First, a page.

As the major parties switch up the spin cycle ahead of the May 18 federal election, we’ve hunted down the policies that will affect listed companies — so you don’t have to.

Oil and gas aren’t really on the radar of the major parties this election, despite Australian being the second largest LNG exporter in the world after Qatar.

However as one analyst says, business as usual could be a good thing for the possibly recovering small cap sector.

What the analysts say

Pitt Street Research founder Stuart Roberts noted last week that Liberal policy is likely to be better for the oil and gas sector, because the current government strategy is maintaining “business as usual”.

Vertium Asset Management chief investment officer Jason Teh says Liberal policy is unlikely “move the dial” too much for small caps, since few companies have exposure to the Northern Territory unconventional gas fields anyway.

But Labor’s gas export trigger could be influential, if taken to the extreme, as the question would be at what price point would they require gas to be reserved for the domestic market, and at what price would LNG exporters be allowed to resume their business?

In-depth: The details affecting listed companies

Labor’s gas export trigger is an extension of the Australia Domestic Gas Security Mechanism (ADGSM), put in place by the Liberal government in mid-2017 and expiring in 2020 to protect again east coast gas shortages.

It requires the three LNG producers in Gladstone, Queensland to limit exports or find new gas sources for the domestic market if the resources minister deems there to be a local shortage.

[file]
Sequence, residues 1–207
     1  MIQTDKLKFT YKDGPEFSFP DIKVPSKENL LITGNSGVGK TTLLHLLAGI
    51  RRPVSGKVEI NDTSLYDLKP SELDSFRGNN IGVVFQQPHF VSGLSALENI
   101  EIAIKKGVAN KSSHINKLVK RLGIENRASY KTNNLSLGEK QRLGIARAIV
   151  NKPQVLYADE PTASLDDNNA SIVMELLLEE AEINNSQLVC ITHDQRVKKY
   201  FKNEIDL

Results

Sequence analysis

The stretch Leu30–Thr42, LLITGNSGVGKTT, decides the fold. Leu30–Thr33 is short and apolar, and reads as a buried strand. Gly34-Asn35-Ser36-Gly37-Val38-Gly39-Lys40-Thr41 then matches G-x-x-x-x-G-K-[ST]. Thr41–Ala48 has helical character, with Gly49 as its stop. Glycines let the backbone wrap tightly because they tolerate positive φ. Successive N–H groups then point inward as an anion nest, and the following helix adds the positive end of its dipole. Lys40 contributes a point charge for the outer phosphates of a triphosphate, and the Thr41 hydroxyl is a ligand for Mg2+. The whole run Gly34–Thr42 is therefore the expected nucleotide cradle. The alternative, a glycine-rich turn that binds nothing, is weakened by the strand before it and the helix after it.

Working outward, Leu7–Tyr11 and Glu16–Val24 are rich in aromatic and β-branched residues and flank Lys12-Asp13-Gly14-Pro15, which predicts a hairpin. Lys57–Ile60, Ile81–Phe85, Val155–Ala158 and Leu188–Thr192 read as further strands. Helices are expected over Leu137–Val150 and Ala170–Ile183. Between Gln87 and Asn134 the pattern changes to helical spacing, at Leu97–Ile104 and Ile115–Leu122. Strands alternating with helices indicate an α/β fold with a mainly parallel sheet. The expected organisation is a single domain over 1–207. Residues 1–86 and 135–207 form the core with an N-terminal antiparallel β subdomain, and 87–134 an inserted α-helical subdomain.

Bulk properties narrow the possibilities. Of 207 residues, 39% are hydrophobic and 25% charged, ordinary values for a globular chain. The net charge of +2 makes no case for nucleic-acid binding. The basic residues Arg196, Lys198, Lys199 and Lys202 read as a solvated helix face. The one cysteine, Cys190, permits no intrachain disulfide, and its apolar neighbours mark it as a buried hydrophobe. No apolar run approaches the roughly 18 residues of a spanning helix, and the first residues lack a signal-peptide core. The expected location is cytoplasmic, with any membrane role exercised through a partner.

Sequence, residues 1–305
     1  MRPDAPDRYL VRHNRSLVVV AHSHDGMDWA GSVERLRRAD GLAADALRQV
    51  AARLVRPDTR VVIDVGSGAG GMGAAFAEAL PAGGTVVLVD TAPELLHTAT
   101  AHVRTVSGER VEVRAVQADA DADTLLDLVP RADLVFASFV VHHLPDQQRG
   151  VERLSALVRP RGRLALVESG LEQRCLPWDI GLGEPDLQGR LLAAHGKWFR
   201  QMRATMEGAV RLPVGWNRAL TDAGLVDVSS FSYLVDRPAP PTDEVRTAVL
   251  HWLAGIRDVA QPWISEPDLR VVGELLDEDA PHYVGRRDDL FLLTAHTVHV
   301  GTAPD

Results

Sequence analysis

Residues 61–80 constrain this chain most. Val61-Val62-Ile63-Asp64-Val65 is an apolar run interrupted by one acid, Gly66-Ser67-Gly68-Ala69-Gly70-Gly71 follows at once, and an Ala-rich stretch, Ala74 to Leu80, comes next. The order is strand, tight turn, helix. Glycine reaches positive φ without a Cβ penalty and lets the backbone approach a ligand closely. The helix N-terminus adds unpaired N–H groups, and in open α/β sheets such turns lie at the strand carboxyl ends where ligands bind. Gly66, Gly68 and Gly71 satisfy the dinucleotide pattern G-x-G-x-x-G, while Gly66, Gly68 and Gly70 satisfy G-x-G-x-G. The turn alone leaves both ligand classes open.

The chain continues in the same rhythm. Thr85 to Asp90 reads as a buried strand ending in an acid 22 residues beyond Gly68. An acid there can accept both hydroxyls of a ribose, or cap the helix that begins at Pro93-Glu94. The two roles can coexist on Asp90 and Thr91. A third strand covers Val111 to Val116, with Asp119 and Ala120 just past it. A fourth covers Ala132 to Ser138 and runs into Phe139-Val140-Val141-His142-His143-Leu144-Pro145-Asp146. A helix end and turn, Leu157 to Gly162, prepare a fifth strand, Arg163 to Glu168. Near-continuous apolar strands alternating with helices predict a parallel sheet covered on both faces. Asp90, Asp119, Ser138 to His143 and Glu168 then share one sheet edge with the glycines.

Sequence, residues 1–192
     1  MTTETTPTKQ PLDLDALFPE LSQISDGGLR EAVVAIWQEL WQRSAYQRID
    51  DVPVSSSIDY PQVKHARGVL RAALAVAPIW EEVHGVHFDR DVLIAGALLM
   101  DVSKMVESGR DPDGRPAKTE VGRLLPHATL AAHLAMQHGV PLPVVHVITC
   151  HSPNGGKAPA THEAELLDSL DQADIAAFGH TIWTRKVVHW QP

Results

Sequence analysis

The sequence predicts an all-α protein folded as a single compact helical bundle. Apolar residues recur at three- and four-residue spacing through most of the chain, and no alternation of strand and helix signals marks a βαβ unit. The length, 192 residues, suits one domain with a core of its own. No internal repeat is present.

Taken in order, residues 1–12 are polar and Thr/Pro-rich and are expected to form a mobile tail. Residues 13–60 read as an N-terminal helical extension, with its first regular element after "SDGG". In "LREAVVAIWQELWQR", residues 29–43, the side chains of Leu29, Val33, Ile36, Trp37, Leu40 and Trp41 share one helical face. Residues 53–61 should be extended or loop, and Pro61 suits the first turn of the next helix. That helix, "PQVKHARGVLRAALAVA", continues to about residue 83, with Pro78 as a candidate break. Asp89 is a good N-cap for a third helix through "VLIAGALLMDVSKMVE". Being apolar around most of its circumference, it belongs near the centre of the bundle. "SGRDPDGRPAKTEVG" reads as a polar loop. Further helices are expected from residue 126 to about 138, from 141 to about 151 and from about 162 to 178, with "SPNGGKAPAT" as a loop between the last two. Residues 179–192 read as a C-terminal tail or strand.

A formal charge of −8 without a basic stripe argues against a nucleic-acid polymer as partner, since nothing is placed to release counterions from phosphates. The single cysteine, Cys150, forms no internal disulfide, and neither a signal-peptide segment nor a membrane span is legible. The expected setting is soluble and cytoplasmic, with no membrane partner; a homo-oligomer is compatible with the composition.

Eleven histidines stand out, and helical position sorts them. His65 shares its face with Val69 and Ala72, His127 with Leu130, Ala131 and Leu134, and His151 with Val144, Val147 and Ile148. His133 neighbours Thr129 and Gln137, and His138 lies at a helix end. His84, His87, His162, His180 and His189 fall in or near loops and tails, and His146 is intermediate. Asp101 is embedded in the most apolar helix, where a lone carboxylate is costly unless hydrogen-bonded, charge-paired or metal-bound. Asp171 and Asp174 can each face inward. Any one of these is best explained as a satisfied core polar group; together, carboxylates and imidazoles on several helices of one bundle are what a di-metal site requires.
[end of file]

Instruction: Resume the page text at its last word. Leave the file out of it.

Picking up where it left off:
In September last year, Labor said it would make the ADGSM permanent and able to be used when gas prices are too high, not just when a gas shortfall is forecast.

Details, such as how high those prices would have to be, have not been disclosed, according to a spokesperson for shadow energy and climate change minister Mark Butler.



Labor also plans to alter the Coalition’s $5bn Northern Australia Infrastructure Facility (NAIF), which is a key funder of pumped hydro, solar and wind farmer Genex Energy (ASX:GNX).

Labor wants to give it a new name — the Northern Australia Development Fund — and use $1.5bn purely for pipeline infrastructure projects.

Specifically they’re looking at pipelines to better move gas in Queensland’s Galilee and Bowen basins to the east coast, and from the thus-far barely explored Beetaloo unconventional gas basin in the Northern Territory to Darwin and the east.

Labor leader Bill Shorten also pledged to establish national fuel reserves that meet or exceed the international 90-day supply standard, and build tank storage farms.

There are only four oil refineries in Australia: BP’s at Kwinana near Perth, Caltex’s Lytton refinery near Brisbane, and Viva Energy’s and ExxonMobil’s sites near Melbourne.

This could have a positive impact on the small number of oil producing small caps which include Triangle Energy (ASX:TEG) and Buru Energy (ASX:BRU).

The Liberals want to support opening the massive Beetaloo gas field in the Northern Territory for the east coast market by spending $8.4m on a feasibility study, environmental work, and an Aboriginal economic strategy.

Changes to the NT’s fracking policy last year opened shale exploration up, but it’s been slow going — Origin has two wells planned for this year for the Beetaloo but not much else is happening yet.

It has also promised to underwrite some major energy generation projects in order to bring down wholesale power prices, and has a shortlist of 12. Five of these projects are gas generation.

The five projects were submitted by five large local or global private companies and consortiums.